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1965 Cadillac Fleetwood Formal Limousine landau top Blue in 1:43 scale


This is the 1965 Cadillac Fleetwood Formal Limousine landau top Blue in 1:43 scale.

nfo from Hagerty's:

1965 Cadillac Fleetwood Seventy-Five?   Yes, it really is a 1965.

OK, let’s get one thing straight. This really is a 1965 Cadillac. This is, perhaps with the exception of the Pininfarina-built 1959–60 Cadillac Eldorado Brougham (frequently ID’d by Cadillac novices as a ’61 standard Cadillac), the most commonly misidentified Cadillac ever.


Go online. Post a picture and say, this is a 1965 Fleetwood Seventy-Five. Wait approximately one second. All manner of completely and totally sure “experts” will flock to your post. “That’s not a ’65! A 65 is completely different! That’s a ’64! I’d bet my bottom dollar on it!” Ah, but they’re wrong. Although you will have an almost impossible time convincing them of it.

You see, 99.9 percent of Cadillacs were totally redesigned in 1965, as were all full-size GM cars, from Chevrolet Biscayne to Pontiac Bonneville to Oldsmobile Eighty Eight. And every Cadillac from Series 62 to Coupe de Ville to Fleetwood Brougham. EXCEPT the Fleetwood limousines.


For some reason, known only to Cadillac Motor Division executives and GM product planners, the biggest, fanciest, and most expensive Cadillac of them all, the Seventy-Five Series, beloved by captains of industry and limo companies throughout the nation, retained the 1964 sheetmetal, dimensions, and trim.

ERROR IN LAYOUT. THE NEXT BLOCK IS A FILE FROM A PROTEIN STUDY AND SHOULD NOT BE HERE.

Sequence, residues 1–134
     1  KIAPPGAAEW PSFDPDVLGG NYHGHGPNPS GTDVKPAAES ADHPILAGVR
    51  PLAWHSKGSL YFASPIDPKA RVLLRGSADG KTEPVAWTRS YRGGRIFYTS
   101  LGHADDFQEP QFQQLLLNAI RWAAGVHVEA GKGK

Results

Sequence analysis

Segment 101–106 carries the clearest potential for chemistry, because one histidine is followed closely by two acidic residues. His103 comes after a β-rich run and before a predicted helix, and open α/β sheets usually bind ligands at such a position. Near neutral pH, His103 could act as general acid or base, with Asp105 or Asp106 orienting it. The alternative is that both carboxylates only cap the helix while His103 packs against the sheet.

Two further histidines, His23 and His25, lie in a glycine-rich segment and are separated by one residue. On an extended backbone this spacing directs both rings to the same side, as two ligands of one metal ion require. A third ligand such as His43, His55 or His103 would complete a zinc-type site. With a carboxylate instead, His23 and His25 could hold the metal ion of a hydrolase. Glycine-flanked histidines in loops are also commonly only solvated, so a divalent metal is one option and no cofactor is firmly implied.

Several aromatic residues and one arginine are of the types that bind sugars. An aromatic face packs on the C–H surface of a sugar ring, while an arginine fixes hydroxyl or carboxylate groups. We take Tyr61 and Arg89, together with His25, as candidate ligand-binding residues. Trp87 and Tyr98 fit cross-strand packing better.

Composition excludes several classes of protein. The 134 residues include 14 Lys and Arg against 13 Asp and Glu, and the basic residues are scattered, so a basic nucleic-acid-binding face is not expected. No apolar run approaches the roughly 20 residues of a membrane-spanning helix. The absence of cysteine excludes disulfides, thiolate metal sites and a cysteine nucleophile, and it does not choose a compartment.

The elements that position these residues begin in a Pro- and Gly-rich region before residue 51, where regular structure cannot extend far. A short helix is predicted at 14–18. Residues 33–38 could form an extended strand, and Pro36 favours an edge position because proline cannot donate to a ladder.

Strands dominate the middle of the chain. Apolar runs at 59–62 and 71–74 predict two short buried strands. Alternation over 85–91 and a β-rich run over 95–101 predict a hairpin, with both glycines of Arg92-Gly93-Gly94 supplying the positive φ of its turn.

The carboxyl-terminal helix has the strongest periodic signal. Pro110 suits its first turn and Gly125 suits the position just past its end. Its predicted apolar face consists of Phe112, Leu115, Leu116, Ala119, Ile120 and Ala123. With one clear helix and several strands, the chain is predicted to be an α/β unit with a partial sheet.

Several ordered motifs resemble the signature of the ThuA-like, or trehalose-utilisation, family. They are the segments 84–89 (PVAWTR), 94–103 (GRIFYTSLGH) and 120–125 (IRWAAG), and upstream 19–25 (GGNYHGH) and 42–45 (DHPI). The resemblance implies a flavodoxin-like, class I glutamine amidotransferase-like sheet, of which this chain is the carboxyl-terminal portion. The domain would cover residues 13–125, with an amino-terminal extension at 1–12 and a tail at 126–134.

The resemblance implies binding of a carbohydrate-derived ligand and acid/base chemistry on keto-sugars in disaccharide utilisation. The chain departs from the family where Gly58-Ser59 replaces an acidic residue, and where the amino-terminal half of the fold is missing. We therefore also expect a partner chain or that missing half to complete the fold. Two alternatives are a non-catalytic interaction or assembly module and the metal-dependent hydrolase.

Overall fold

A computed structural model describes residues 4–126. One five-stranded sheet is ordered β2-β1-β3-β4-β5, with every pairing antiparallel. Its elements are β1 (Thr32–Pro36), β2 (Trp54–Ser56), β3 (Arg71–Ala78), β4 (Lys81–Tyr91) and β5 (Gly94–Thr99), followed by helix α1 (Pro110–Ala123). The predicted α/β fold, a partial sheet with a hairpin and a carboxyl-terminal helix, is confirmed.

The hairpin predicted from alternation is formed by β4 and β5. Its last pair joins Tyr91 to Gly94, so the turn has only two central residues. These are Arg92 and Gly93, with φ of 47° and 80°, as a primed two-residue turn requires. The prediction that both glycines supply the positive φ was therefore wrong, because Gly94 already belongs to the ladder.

No brand-new stacked quad headlamps. No ruler straight flanks with only a hint of fin in the totally redesigned quarter panels. Still with the 1959-style wraparound windshield and dogleg A-pillar.


There were some differences. But not many. Basically two. First, they had the redesigned 1965 wheel covers, shared with all other Cadillacs that year. In addition, they had the brand-new triple-band whitewall design, but of course as years passed and those became unavailable, the wheel discs were about the only way to tell from the exterior.


There were some improvements under the hood though. The 429-cubic-inch V-8, first introduced in all Cadillacs in 1964, produced 340 horsepower and was backed by an improved Turbo Hydra-Matic automatic transmission.

This model is hand painted and polished to a beautiful finish and has a sealed body. Resin models are exceptionally accurate of scale, shape and detail. Each model is created using a variety of production processes, to achieve this precision. They are produced using a composite material referred to in the industry as “resin”. Photo etched parts, die-cutting, tampo printing and waterslide decals are often used for a most authentic replication.